The main purpose of initval is to provide initial guess values for the non-linear solver in the steady state computation. Note that if the initval block is not followed by steady, the steady state computation will still be triggered by subsequent commands (stoch_simul, estimation…).

It is not necessary to declare 0 as initial value for exogenous stochastic variables, since it is the only possible value.

The subsequently computed steady state (not the initial values, use histval for this) will be used as the initial condition at all the periods preceeding the first simulation period for the three possible types of simulations in stochastic mode:

  • stoch_simul, if the periods option is specified.
  • forecast as the initial point at which the forecasts are computed.
  • conditional_forecast as the initial point at which the conditional forecasts are computed.

To start simulations at a particular set of starting values that are not a computed steady state, use histval.

Options

all_values_required

Issues an error and stops processing the .mod file if there is at least one endogenous or exogenous variable that has not been set in the initval block.

Example
initval;
c = 1.2;
k = 12;
x = 1;
end;

steady;
Block: endval ;
Block: endval(OPTIONS...);


This block is terminated by end; and contains lines of the form:

VARIABLE_NAME = EXPRESSION;


The endval block makes only sense in a deterministic model and cannot be used together with histval. Similar to the initval command, it will fill both the oo_.endo_simul and oo_.exo_simul variables storing the endogenous and exogenous variables with the values provided by this block. If no initval block is present, it will fill the whole matrices, therefore providing the initial and terminal conditions for all the endogenous and exogenous variables, because it will also fill the first and last column/row of these matrices. Due to also filling the intermediate simulation periods it will provide the starting values for the solver as well.

If an initval block is present, initval will provide the historical values for the variables (if there are states/lags), while endval will fill the remainder of the matrices, thereby still providing i) the terminal conditions for variables entering the model with a lead and ii) the initial guess values for all endogenous variables at all the simulation dates for the perfect foresight solver.

Note that if some variables, endogenous or exogenous, are NOT mentioned in the endval block, the value assumed is that of the last initval block or steady command (if present). Therefore, in contrast to initval, omitted variables are not automatically assumed to be 0 in this case. Again, it is strongly recommended to check the constructed oo_.endo_simul and oo_.exo_simul variables after running perfect_foresight_setup and before running perfect_foresight_solver to see whether the desired outcome has been achieved.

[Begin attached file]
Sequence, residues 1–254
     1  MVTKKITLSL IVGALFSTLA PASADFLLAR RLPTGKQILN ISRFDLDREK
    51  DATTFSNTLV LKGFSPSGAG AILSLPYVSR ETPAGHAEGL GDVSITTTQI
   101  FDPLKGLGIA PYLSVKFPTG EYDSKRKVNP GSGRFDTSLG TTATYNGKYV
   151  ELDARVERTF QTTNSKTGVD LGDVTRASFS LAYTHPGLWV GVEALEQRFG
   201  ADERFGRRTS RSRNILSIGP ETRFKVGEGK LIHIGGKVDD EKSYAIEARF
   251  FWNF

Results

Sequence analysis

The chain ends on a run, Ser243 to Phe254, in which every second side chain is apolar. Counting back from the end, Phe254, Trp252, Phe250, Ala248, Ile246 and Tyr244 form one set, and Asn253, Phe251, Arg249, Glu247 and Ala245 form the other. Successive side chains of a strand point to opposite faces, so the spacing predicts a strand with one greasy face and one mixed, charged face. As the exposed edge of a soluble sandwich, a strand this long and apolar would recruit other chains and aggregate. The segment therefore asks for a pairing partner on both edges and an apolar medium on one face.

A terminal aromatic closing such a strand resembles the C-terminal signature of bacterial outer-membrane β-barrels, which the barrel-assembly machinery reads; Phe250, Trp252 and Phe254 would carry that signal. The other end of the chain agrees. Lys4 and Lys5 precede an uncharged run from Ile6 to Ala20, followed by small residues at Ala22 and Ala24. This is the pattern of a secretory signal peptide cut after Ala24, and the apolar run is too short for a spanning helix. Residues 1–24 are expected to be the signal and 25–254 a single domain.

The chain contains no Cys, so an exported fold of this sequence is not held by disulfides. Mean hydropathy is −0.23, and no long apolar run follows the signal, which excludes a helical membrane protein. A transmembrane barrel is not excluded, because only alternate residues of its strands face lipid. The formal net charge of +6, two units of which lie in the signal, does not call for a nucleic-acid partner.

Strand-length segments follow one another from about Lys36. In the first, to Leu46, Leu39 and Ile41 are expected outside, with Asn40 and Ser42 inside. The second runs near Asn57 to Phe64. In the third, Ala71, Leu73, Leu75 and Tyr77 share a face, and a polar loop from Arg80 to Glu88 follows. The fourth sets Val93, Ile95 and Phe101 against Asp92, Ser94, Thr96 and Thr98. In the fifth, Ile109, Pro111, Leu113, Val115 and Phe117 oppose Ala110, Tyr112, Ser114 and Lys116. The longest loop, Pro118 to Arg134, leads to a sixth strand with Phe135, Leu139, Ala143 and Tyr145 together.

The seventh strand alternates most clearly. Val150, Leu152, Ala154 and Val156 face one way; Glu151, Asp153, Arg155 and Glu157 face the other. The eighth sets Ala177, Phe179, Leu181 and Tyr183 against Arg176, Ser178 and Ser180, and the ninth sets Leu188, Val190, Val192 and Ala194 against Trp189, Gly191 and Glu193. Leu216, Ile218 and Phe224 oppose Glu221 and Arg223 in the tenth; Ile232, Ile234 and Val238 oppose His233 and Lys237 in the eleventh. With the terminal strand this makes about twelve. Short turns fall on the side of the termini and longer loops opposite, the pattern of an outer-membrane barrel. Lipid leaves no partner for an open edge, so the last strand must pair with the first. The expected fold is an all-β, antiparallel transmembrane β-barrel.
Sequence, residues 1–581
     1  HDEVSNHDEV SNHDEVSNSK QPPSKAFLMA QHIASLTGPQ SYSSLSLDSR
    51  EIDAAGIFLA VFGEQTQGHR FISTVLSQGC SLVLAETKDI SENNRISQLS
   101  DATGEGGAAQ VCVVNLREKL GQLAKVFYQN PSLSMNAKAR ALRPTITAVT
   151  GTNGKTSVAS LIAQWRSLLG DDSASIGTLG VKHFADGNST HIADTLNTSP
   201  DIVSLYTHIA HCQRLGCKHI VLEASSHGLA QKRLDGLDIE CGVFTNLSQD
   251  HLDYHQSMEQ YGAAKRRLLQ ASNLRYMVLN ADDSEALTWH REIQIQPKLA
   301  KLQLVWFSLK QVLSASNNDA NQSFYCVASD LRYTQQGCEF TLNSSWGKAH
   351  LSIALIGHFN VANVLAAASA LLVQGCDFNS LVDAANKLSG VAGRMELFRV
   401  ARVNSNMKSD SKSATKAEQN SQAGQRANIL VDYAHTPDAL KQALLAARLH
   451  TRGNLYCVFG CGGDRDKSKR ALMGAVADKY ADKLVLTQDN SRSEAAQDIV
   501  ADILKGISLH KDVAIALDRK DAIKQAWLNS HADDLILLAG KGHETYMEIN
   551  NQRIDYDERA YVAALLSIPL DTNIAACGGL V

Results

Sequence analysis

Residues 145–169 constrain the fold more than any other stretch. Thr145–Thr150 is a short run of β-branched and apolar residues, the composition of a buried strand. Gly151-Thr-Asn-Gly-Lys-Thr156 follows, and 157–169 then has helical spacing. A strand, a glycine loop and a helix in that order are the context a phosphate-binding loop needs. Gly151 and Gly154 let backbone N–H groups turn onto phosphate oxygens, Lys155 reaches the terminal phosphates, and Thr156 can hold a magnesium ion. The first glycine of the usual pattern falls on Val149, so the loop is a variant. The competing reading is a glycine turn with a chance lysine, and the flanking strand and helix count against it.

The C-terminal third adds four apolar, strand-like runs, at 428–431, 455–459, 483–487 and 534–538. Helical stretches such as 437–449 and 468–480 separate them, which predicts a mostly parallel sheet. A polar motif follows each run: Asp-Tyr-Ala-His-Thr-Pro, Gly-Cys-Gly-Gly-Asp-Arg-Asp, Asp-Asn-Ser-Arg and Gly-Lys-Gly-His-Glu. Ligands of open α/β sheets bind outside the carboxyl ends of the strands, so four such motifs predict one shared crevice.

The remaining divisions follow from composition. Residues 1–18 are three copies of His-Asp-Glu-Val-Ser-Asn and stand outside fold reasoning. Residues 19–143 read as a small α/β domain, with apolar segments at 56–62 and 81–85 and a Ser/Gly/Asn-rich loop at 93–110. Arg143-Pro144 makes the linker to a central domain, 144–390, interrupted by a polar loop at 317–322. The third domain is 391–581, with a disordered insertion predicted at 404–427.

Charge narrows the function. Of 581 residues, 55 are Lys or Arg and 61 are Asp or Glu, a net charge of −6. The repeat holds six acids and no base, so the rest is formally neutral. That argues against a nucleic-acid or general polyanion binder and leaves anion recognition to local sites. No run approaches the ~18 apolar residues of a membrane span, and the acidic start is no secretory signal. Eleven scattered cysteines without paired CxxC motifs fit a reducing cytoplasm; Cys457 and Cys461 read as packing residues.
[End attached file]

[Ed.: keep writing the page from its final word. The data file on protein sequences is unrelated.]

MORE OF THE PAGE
Like initval, if the endval block is immediately followed by a steady command, its semantics are slightly changed. The steady command will compute the steady state of the model for all the endogenous variables, assuming that exogenous variables are kept constant to the value declared in the endval block. These steady state values conditional on the declared exogenous variables are then written into oo_.endo_simul and therefore take up the potential roles as historical and terminal conditions as well as starting values for the solver. An endval block followed by steady is therefore formally equivalent to an endval block with the specified values for the exogenous variables, and the endogenous variables set to the associated steady state values.

Options

all_values_required

See all_values_required.

Example

var c k;
varexo x;

initval;
c = 1.2;
k = 12;
x = 1;
end;

steady;

endval;
c = 2;
k = 20;
x = 2;
end;

steady;

The initial equilibrium is computed by steady conditional on x=1, and the terminal one conditional on x=2. The initval block sets the initial condition for k, while the endval block sets the terminal condition for c. The starting values for the perfect foresight solver are given by the endval block. A detailed explanation follows below the next example.

Example

var c k;
varexo x;

model;
c + k - aa*x*k(-1)^alph - (1-delt)*k(-1);
c^(-gam) - (1+bet)^(-1)*(aa*alph*x(+1)*k^(alph-1) + 1 - delt)*c(+1)^(-gam);
end;

initval;
k = 12;
end;

endval;
c = 2;
x = 1.1;
end;
simul(periods=200);

In this example, the problem is finding the optimal path for consumption and capital for the periods \(t=1\) to \(T=200\), given the path of the exogenous technology level x. c is a forward-looking variable and the exogenous variable x appears with a lead in the expected return of physical capital, so we need terminal conditions for them, while k is a purely backward-looking (state) variable, so we need an initial condition for it.